Introduction: Women with von Willebrand disease (VWD) are at a higher risk of bleeding, which might affect the health of mother and child during pregnancy and the intra- and postpartum periods. This retrospective cohort study evaluates changes in the coagulation parameters von Willebrand factor antigen (VWF:Ag), von Willebrand ristocetin cofactor (VWF:RCo), and Factor VIII activity (FVIII:C) during pregnancy in patients with VWD. In total, 44 pregnancies of 38 patients were assessed (VWD type 1 n = 32, type 2A n = 3, type 2B n = 1, type 2 subtype unidentified n = 2). The patients’ median age at childbirth was 32 years (range 22–40). Results: A significant increase in coagulation parameters was found in patients with VWD type 1 (VWF:Ag, VWF:RCo, and FVIII:C p = 0.000). In the third trimester, VWF:Ag and FVIII:C normalized in all patients with VWD type 1; in 3 patients VWF:RCo remained below the normal range. Patients with VWD type 2 showed a significant increase of VWF:Ag (p = 0.003) and FVIII:C (p = 0.011), and a non-significant increase of VWF:RCo (p = 0.097). In 4 of 9 pregnancies of patients with VWD type 2, all surveyed coagulation parameters normalized until the third trimester. Conclusion: For the majority of the observed patients, the von Willebrand parameters increased during pregnancy.
Von Willebrand disease (VWD) is the most common hereditary bleeding disorder. It is characterized by a tendency to enhanced and prolonged bleeding. The severity of bleeding correlates with the type of VWD (type 1, 2, or 3) and therefore with the deficiency or dysfunction of von Willebrand factor (VWF). VWF is a multimeric plasma protein that mediates thrombocytic adhesion to the subendothelium as well as thrombocyte aggregation. Moreover, it is a carrier protein of Factor VIII (FVIII). VWD type 1 is characterized by a quantitative deficiency of VWF and is the most common type of VWD. Patients suffer from mild bleedings. VWD type 2 is characterized by qualitative dysfunction of VWF. Type 2 is further classified into four subtypes (2A, 2B, 2M, and 2N) and presents with more severe bleeding symptoms. VWD type 3 is the rarest type of VWD, in which VWF is nearly completely absent .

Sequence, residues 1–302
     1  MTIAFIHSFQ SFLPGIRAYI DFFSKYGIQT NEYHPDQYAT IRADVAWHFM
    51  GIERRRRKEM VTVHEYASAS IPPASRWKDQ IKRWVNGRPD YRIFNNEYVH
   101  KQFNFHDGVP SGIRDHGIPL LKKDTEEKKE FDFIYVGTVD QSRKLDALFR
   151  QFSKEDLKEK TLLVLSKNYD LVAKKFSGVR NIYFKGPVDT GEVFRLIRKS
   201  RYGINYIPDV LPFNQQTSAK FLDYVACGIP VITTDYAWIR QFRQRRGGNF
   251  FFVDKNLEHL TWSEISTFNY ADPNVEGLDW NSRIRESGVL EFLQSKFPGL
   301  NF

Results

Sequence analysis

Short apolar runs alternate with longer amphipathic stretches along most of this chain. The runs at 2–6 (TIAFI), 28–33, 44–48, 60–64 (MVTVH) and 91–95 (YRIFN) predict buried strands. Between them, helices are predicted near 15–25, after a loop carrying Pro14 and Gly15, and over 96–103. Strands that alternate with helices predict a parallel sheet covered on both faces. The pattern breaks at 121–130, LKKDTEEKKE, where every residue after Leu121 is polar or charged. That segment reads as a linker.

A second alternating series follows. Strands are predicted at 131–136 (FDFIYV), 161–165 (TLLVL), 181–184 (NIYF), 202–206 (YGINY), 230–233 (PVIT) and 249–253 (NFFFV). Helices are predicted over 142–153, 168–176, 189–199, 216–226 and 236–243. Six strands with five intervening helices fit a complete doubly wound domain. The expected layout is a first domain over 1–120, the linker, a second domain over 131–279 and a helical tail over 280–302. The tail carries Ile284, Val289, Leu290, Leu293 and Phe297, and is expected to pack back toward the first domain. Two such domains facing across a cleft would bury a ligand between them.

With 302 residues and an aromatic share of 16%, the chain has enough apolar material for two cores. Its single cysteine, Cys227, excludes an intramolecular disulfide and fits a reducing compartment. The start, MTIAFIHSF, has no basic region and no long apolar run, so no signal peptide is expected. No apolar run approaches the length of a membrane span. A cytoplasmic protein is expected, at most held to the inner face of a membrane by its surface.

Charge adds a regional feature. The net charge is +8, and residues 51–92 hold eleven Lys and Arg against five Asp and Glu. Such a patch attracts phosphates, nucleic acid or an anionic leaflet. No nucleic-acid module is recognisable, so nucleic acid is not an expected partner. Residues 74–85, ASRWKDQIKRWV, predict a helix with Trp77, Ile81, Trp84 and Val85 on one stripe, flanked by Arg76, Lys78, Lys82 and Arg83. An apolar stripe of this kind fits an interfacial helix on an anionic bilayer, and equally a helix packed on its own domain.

Patients with VWD suffer from mucosal, joint, and muscle bleeding and bleeding after surgery. The most common manifestations are mild mucosal bleeding and prolonged menstruation .
Increases of von Willebrand factor antigen (VWF:Ag), von Willebrand ristocetin cofactor (VWF:RCo) levels, and FVIII activity (FVIII:C) during pregnancy in healthy women have often been described. Physiologically, several changes in the coagulation system occur. In addition to various procoagulatory processes, fibrinolysis is activated. Whereas levels of fibrinogen, FVII, FVIII, von Willebrand parameters, FX, and PAI-1 increase, levels of protein S, FXI, and FXIII show a tendency to decrease [3, 4].
The insufficiency of the coagulation system during pregnancy and in the intrapartum and postpartum periods may put the health of VWD patients and their foetuses at risk. This study evaluates the change in the coagulation parameters VWF:Ag, VWF:RCo, and FVIII:C as pregnancy progresses in patients with VWD.
After approval by the Ethics Commission of the University Hospital Frankfurt am Main, Germany, data files of female patients with known VWD from the haemophilia centre of the University Frankfurt, Germany, who were pregnant in the period from 2007 to 2013, were retrospectively screened for VWF:Ag, VWF:RCo, and FVIII:C records. A VWD multimeric analysis was carried out to confirm the diagnosis. Only successful pregnancies were included. Only data for VWF:Ag, VWF:RCo, and FVIII:C levels determined under the same conditions were eligible to minimize equipment- or assay-dependent variations. Prepregnancy bleeding history was assessed by the ISTH bleeding score .
All data assessed were measured by the same method, the same device, and by the same staff. The assays were performed under regular control through international interlaboratory tests. Only data free from influences such as substitution (plasma samples were drawn not earlier than 10 days after the last replacement dose) and inflammation (CRP negative, normal leucocyte count) were eligible. The statistical methods that were applied included Pearson regression and the Wilcoxon matched-pairs test.